The news that refugees from neighbouring Myanmar were walking across the porous international border into Mizoram would have surprised most readers who are unaware of the history and the geography of much of the Northeast. They would not have known that the border exists on paper but that, in fact, there has been free movement and interaction between people living on either side who are, often, from the same ethnic group.

On market day in the village of Longwa in Nagaland's Mon district, I observed this fluidity as people I spoke to said they had walked across from the other side to shop. The house of the village headman, the Angh, straddles the line that officially divides the two countries. There is a check post at the top of the hill but no one checks. This is a lived reality in just one of several such villages stretching across from Arunachal Pradesh to Nagaland, Manipur, and Mizoram.

The story about the welcome that the government of Mizoram and its people want to extend to the refugees from Myanmar gives us an essential insight into that state. The fact that even this story is being barely reported illustrates the continuing indifference of mainstream media and people in India towards this region. It is this absence of reporting that reinforces ignorance and prejudice, the price for which has been paid by the thousands of Northeasterners who study and work across India but are constantly asked to prove that they are Indian.

As always, there are exceptions to the rule: these stories by Krishn Kaushik who reported from Mizoram, for example. Not only do we learn about the trickle of people crossing over but also the reason Mizos believe they ought to be helped.

The other story is the absence of a gender perspective in reporting, something I pointed out in my last column with reference to the coverage of the migrant exodus of last year. Here I must commend the Indian Express as the only mainstream newspaper that not only did a two-part feature looking at the impact of the pandemic on women's jobs (read here and here), but also reiterated the points in these articles in an editorial. Furthermore, both stories were carried on the front page.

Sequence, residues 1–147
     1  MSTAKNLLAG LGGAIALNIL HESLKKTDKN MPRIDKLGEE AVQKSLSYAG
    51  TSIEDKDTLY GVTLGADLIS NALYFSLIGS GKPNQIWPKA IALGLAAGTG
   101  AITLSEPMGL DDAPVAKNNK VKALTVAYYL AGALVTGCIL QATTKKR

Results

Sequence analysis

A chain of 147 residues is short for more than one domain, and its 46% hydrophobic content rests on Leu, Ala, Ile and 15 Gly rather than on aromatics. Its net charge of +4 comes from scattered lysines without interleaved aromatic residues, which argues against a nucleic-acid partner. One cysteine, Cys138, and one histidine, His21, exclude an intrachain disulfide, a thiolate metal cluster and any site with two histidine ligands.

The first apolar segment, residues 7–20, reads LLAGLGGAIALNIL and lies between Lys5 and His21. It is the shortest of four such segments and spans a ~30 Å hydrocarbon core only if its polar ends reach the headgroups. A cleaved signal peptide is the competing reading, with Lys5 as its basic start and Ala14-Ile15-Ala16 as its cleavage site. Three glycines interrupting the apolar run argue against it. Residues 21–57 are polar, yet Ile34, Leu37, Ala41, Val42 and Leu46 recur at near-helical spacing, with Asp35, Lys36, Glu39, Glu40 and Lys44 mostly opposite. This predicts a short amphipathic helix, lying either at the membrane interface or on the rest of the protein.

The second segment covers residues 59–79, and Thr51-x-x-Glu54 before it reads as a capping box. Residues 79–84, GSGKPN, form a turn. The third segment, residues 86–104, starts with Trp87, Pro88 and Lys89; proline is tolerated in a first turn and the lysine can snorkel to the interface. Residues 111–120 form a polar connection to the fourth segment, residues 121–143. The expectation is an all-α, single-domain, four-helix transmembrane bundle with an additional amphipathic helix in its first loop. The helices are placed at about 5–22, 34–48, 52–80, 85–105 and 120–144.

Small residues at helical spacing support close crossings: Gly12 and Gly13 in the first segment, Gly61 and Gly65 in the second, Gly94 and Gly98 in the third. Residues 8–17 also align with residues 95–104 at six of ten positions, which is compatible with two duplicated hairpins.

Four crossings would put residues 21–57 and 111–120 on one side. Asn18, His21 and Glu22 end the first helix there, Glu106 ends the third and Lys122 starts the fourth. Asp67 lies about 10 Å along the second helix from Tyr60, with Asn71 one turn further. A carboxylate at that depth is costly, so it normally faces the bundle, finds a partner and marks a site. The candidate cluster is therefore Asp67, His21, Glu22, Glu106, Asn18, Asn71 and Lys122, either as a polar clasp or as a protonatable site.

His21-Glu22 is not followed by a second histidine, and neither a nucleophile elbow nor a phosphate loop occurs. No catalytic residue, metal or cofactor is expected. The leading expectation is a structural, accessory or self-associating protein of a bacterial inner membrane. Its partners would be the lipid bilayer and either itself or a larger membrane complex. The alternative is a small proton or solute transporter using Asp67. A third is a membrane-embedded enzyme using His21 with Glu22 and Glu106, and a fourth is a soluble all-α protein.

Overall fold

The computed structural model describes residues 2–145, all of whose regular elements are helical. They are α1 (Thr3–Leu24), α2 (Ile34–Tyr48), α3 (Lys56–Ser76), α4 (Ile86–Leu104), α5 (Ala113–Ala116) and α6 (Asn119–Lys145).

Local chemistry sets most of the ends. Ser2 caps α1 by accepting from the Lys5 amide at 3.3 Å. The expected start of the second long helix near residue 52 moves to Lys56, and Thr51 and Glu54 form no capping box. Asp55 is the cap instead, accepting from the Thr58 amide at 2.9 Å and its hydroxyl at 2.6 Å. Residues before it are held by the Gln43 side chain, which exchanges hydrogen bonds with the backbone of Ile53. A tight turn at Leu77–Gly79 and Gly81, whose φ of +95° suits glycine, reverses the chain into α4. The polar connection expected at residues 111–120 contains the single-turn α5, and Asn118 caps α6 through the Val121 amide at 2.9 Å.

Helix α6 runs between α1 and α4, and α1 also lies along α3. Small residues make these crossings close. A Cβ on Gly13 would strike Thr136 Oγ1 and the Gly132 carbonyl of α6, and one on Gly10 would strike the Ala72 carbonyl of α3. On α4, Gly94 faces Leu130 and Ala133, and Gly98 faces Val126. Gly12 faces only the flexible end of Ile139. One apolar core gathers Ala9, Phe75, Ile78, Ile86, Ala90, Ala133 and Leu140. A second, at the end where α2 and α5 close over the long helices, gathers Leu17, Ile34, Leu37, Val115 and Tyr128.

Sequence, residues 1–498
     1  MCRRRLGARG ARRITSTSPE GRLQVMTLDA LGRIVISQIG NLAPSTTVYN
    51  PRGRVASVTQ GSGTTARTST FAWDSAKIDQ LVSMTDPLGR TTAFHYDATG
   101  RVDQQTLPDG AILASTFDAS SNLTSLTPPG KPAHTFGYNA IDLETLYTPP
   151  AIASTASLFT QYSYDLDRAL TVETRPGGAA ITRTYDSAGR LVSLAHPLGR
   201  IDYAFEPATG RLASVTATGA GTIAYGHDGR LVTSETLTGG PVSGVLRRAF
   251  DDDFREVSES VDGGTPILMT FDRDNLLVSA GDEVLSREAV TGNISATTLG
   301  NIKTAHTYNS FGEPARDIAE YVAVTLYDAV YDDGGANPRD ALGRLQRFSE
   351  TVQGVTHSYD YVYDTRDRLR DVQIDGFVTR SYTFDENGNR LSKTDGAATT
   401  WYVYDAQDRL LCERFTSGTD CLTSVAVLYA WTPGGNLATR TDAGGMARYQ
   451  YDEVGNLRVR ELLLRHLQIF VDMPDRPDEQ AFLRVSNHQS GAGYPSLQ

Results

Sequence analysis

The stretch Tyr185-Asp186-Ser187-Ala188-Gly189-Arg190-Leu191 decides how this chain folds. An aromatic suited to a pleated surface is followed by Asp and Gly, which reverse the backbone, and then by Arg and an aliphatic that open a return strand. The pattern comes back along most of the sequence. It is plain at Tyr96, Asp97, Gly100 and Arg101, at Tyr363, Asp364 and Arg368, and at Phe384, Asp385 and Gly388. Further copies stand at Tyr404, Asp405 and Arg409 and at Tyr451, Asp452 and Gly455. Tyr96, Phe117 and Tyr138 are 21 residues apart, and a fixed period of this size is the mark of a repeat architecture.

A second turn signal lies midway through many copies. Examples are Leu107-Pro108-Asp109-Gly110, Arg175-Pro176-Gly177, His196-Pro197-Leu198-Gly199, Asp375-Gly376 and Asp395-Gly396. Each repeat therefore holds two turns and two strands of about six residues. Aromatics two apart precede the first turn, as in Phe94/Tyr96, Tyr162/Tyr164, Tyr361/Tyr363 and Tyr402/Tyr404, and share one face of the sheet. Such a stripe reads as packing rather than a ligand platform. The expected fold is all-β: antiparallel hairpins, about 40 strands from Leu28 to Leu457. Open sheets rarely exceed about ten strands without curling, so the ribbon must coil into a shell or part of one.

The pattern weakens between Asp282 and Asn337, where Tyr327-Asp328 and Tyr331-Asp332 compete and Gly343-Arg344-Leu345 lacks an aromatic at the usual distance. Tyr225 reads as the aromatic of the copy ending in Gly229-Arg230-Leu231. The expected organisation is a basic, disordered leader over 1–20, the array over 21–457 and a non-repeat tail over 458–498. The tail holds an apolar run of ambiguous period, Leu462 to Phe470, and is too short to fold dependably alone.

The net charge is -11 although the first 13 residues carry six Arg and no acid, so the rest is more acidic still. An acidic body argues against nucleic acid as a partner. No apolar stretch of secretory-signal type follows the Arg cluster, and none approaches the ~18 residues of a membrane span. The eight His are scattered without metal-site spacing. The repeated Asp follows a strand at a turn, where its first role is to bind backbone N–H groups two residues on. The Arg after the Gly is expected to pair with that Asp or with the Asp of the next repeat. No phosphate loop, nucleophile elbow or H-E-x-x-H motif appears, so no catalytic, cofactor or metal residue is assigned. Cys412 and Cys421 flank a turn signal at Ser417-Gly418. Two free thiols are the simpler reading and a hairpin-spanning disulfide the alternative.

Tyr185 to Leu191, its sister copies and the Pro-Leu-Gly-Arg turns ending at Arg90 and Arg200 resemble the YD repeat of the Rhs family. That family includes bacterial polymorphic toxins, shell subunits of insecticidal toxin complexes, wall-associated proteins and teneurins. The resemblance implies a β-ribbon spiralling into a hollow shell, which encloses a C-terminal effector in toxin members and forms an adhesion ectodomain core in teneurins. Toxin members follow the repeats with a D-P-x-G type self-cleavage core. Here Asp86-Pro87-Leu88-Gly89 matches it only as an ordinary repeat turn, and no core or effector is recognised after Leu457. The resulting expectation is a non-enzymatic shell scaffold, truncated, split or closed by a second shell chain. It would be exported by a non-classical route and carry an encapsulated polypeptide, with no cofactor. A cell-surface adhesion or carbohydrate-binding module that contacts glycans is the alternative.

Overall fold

In the digital version of print media, the importance of this isn’t apparent. But traditionally, newspaper editors make a conscious choice each day when they choose the stories they want to place on the front page. These are carried "above the fold" as broadsheet newspapers are folded when they are sold and distributed. An important story is placed just below the masthead of the paper. Both these reports were given that position.

Also, when editors want to emphasise certain stories, they write editorials around them. Although not many people read editorials, they are an indicator of the importance a paper gives to an issue. Hence the significance of an editorial on the gender crisis in the Indian Express.

The gender issue remains relevant in the light of the latest global ranking by the World Economic Forum. India has slipped 28 places in the gender gap and now stands at 140 out of 156 countries surveyed, as this story points out. Its neighbours in South Asia, Bangladesh, Sri Lanka, Nepal, Myanmar, and Bhutan are ranked higher.

There is, of course, a gender angle in election coverage too, and not just because India's only woman chief minister, Mamata Banerjee, is at the centre of the story of the Bengal election. She has had to face many crude remarks made by her opponents that essentialise her being a woman.

Misogyny surfaces constantly during election campaigns, and it has this time too. Some of it is called out; much of it goes by without comment. I leave you with this story by Kavitha Muralidharan about the rampant sexist rhetoric in Tamil Nadu before and during this election. A salutary outcome of sexism being called out is the Election Commission’s decision to bar A Raja of the DMK from campaigning for 48 hours.